• I understand, Chris, why you and others might later judge this episode as the one where Game of Thrones jumped the shark.
    • While it’s possible Sansa (stupidly) chose to wait until the last minute to rush in with the troops from the Vale, it was more plausible that she had stowed away far from the frontlines and was simply hoping that Littlefinger would show up. I figured she didn’t mention his troops to Jon because she couldn’t be sure they’d show up in time (if at all) or that Littlefinger could be trusted. There’s also the fact that she had to go behind Jon’s back to even reach out to Baelish.
    • the Antikythera Mechanism
    • Big enough to determine that the mechanism was, Jones says, something of a “philosopher’s instructional device,” and the text itself was a guide to reading it.
    • The mechanism could also tell you when lunar and solar eclipses would occur, and tracked the timing of the Olympic games.
    • An astonishing level of complexity would have been required to represent astronomical data this way, yet researchers say the mechanism was more of a textbook used for teaching than a computer used for calculating, as it has often been described.
    • Adjusted plus-minus (+/-) rating is an advanced statistical approach to estimating a player�s effect on the game while controlling for the performance of his teammates and opponents.
    • About Box Plus/Minus (BPM)
    • it is NOT a version of Adjusted Plus/Minus, which is a play-by-play regression metric.
    • BPM is a per-100-possession stat, the same scale as Adjusted Plus/Minus: 0.0 is league average, +5 means the player is 5 points better than an average player over 100 possessions (which is about All-NBA level), -2 is replacement level, and -5 is really bad.
    • The greatest seasons of all time by BPM are LeBron James’ 2009 and 2010 seasons, and Michael Jordan’s 1989 tour-de-force. All of those seasons had BPMs between +12.5 and +13.0.
    • The best player by BPM in 2013/14 was LeBron James, at +8.9, just above MVP Kevin Durant’s +8.8. Kevin Love was close behind at +8.3, and Stephen Curry (+7.4) and Chris Paul (+7.4) round out the top five.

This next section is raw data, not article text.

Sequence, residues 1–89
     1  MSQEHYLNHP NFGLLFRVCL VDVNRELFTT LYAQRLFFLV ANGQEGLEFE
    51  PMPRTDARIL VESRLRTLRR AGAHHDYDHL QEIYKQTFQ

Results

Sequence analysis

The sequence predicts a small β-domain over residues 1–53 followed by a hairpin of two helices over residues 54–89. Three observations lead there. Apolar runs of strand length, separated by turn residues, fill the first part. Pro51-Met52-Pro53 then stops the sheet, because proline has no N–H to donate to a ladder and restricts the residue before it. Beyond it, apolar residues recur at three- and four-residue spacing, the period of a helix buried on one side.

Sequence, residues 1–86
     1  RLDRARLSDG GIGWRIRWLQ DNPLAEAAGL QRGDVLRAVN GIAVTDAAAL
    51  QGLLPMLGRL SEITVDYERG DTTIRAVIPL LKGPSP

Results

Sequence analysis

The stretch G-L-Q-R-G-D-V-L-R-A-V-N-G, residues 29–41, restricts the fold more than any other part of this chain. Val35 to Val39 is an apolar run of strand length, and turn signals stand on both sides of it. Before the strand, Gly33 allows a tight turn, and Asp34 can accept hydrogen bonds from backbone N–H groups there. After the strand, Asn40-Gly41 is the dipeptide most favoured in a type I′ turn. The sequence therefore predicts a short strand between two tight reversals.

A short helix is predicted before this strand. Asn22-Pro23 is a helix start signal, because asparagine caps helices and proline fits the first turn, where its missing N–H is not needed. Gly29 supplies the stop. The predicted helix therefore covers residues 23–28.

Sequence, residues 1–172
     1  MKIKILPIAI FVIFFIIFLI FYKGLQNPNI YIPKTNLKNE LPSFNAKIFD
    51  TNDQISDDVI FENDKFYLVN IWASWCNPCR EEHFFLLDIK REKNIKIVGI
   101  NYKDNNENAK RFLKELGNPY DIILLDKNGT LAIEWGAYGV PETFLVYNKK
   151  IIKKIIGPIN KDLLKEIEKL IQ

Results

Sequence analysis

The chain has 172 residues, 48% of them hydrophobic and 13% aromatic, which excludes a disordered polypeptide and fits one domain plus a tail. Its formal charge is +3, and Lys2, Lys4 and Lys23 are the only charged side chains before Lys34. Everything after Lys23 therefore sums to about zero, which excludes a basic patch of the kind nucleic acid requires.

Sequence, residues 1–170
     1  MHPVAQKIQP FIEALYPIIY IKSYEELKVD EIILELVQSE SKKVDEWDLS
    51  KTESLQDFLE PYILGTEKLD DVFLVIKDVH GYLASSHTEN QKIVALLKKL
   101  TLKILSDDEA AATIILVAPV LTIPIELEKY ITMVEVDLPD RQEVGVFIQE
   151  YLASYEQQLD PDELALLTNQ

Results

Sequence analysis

• Anthony Bennett, the surprise 2013 draft number 1 pick, followed with a -7.3.
    • Note: BPM does not take into account playing time – it is purely a rate stat. Thus, Durant playing 79% of available minutes with a +8.8 BPM was overall slightly more valuable than LeBron’s +8.9 BPM for 73% of the available minutes, and both of them were way more valuable than Chris Paul, who missed quite a few games. That playing time aspect is handled by Value over Replacement Player (VORP), which is discussed below.
    • In other words – it is possible to create a better stat than BPM for measuring players, but difficult to make a better one that can also be used historically.
    • Such critical components of defense as positioning, communication, and the other factors that make Kevin Garnett and Tim Duncan elite on defense can’t be captured, unfortunately.
    • In order to create a box-score-based player evaluation metric, some basis for the weights given to each statistic must be chosen.
    • Value over Replacement Player
    • First, they became only the fourth team in NBA history to win a title after replacing its coach mid-season, having ousted David Blatt in favor of Tyronn Lue in January.
    • After accounting for strength of schedule, we find that Lue navigated Cleveland through one of history’s great playoff journeys. If we use pre-series Elo ratings to judge the difficulty of a team’s postseason path and weight its opponent-adjusted scoring margin by the
    • DAX is a functional language, which means the full executed code is contained inside a function.
    • In DAX, functions can contain other, nested functions, conditional statements, and value references.
    • DAX is designed to work with tables, so it has just two primary data types: Numeric and Other. Numeric can include integers, decimals, and currency. Other can include strings and binary objects. This means that if you build your DAX function to work on one type of number, you can be assured that it will work on any other Numeric data.
    • operator overloading
    • There is one data type in particular that you’ll likely be working with a lot in Power BI: DateTime. DateTime is stored as a floating point value with both integer and decimal parts. DateTime can be used accurately for calculations of any time period after March 1, 1900.